Subtropical Bedding. Foliage and the less common flowering plants may be used either in masses of one kind, or in groups arranged for contrast, or as the centres of groups of less imposing or of dwarfer-flowering subjects; or they may be planted as single specimens in appropriate open spaces, in recesses, or as distant striking objects terminating a vista.
Carpet Bedding consists in covering the surface of a bed, or a series of beds forming a design, with close, low-growing plants, in which certain figures are brought out by means of plants of a different habit or having different coloured leaves. Sometimes, in addition to the carpet or ground colour, individual plants of larger size and handsome appearance are dotted symmetrically over the beds, an arrangement which is very telling. Some of the best plants for carpeting the surface of the beds are: Antennaria tomentosa and Leucophytum Browni, white; Sedum acre, dasyphyttum, corsicum and glaucum, grey; and Sedum Lydirm, Mentha Pulegium gibraltarica, Sagina subulata and Herniaria glabra, green. The Alternantheras, Amaranthuses, Iresines and Coleus Verschaffelti furnish high and warm colours; while Pyrethrum Parthenium aureum yields greenish-yellow; Thymus citriodorus aureus, yellowish; Mesembryanthemum cordifolium variegatum, creamy yellow; Centaureas and others, white; Lobelia Erinus, blue; and the succulent Echeverias and Sempervivums, glaucous rosettes, which last add much to the general effect. In connexion with the various designs such fine plants as Agave americana, Dracaena indivisa are often used as centre-pieces.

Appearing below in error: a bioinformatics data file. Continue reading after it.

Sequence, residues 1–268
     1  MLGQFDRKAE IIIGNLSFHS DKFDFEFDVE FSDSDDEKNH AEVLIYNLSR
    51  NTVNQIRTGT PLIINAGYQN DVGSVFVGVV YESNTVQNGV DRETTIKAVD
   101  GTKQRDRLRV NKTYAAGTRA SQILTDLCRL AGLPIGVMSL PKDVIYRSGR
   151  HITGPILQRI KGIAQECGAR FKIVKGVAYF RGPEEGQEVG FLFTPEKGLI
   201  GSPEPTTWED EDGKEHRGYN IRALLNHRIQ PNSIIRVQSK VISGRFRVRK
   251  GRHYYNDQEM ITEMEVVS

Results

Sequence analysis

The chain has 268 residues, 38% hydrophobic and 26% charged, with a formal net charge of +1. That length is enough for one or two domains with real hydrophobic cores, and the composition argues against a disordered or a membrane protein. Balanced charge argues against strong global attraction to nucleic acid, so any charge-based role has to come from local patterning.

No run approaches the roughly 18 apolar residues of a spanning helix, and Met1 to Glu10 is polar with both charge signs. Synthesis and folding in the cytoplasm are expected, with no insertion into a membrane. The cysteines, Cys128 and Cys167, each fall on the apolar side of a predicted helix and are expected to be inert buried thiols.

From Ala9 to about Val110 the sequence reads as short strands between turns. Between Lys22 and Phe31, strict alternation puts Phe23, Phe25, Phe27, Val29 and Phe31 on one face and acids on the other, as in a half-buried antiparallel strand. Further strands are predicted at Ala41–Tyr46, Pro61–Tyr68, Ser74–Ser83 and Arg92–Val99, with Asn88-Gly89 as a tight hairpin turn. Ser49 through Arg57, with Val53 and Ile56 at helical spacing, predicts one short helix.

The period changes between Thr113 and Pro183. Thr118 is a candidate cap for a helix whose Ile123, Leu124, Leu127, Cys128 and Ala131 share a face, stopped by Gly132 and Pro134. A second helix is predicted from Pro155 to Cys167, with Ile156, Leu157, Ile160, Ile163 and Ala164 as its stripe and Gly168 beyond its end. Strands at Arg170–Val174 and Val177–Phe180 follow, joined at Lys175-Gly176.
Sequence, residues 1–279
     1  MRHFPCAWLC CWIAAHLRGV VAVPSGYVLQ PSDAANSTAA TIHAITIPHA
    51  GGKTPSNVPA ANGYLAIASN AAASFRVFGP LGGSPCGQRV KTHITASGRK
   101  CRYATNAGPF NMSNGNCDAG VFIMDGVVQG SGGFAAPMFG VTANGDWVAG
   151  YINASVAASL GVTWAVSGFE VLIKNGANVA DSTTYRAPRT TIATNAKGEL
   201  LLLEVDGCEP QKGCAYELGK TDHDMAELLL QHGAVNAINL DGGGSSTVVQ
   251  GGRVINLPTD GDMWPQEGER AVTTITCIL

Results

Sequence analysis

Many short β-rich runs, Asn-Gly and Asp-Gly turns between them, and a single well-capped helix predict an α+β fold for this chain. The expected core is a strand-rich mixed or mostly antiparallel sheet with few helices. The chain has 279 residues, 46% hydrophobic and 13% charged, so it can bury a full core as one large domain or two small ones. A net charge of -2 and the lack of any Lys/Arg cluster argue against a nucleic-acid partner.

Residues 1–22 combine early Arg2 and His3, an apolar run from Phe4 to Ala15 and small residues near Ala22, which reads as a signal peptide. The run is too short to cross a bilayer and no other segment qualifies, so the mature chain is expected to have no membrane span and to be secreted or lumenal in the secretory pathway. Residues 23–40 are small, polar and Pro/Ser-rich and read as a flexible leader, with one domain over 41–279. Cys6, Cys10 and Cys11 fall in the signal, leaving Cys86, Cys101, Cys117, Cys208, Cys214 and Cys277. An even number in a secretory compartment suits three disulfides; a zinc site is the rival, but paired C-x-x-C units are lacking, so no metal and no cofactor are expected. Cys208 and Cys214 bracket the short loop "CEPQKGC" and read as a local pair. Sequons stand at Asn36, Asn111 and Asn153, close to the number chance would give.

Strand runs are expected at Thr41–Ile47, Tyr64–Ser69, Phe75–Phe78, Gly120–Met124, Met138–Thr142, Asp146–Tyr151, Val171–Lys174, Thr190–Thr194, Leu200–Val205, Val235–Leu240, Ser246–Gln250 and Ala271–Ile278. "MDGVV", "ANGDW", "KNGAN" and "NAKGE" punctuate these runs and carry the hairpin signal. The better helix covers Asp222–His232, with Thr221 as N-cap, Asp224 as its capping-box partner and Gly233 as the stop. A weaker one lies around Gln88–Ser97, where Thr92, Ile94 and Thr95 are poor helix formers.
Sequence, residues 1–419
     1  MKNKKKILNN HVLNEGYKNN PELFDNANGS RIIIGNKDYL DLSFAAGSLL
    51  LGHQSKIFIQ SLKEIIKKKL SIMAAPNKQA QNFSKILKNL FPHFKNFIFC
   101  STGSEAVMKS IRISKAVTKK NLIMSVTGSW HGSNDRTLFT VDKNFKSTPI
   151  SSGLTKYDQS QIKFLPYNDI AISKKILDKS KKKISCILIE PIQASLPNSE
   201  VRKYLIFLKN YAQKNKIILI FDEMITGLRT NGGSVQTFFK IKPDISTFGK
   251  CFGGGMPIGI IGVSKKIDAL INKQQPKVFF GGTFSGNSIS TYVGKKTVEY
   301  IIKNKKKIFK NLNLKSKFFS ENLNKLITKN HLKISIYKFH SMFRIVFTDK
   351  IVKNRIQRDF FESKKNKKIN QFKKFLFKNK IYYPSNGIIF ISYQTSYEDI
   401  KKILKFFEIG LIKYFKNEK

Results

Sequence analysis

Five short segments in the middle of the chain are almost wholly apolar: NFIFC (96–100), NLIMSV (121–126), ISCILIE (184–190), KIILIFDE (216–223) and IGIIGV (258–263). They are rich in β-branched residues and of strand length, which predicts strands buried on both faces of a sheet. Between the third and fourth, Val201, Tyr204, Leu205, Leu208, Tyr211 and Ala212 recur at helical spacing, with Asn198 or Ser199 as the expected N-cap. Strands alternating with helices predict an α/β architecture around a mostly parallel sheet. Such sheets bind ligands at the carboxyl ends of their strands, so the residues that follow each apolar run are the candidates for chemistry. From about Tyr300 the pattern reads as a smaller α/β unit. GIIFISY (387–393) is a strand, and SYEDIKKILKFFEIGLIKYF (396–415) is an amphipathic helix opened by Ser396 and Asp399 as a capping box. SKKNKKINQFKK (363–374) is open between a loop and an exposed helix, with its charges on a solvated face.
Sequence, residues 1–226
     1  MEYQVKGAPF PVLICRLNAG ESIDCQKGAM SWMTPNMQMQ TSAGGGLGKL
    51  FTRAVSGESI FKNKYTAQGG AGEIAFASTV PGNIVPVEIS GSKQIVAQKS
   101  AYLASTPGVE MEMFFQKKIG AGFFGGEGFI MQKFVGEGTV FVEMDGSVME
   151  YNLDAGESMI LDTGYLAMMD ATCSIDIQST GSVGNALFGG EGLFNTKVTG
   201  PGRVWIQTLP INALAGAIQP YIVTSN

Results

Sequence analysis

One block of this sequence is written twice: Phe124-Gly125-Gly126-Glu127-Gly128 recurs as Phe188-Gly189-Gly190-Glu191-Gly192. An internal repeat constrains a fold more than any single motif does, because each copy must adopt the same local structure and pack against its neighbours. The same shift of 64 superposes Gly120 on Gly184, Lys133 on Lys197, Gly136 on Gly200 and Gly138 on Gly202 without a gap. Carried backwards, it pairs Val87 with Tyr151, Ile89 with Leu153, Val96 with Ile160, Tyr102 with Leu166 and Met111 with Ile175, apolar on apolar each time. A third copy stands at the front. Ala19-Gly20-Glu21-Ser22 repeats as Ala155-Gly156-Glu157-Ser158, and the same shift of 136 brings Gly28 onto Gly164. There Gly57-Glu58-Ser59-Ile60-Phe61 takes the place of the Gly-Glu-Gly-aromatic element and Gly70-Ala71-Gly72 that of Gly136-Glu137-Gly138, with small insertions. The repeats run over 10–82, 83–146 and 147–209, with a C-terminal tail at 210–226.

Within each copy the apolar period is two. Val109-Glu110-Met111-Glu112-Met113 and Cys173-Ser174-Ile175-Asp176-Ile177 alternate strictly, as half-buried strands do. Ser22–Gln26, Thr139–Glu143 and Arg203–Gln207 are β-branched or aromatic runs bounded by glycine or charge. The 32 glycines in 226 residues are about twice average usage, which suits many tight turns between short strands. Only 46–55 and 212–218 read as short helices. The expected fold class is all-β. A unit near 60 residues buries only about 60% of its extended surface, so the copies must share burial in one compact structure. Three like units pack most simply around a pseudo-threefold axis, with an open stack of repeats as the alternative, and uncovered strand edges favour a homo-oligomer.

GREENHOUSE PLANTS. These are plants requiring the shelter of a glass house, provided with a moderate degree of heat, of which 45 Fahr. may be taken as the minimum in winter. The house should be opened for ventilation in all mild weather in winter, and daily throughout the rest of the year. The following is a select list of genera of miscellaneous decorative plants (orchids, palms and ferns excluded ; climbers are denoted by * ; bulbous and tuberous plants by f) :
Abutilon Acacia Agapanthus Agathaea Agave Alonspa Aloysia Amaryllisf Ardisia Asparagus Aspidistra Asystasia (Mackaya)